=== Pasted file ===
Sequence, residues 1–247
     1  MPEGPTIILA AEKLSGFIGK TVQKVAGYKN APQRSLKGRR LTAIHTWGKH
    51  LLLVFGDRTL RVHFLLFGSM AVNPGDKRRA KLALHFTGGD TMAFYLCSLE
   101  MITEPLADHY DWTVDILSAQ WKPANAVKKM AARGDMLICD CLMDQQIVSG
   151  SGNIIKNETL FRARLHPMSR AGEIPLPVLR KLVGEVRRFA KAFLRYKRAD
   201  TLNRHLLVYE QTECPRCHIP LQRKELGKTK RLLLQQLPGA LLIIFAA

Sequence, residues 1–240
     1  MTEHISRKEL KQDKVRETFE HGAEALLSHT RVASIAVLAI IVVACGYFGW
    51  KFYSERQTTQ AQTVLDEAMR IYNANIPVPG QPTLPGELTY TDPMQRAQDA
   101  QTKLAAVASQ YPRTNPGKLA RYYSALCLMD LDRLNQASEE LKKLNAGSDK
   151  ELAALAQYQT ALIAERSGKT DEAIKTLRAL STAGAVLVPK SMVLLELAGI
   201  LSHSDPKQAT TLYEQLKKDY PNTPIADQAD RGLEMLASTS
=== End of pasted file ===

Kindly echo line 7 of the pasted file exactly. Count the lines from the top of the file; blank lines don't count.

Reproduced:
Sequence, residues 1–240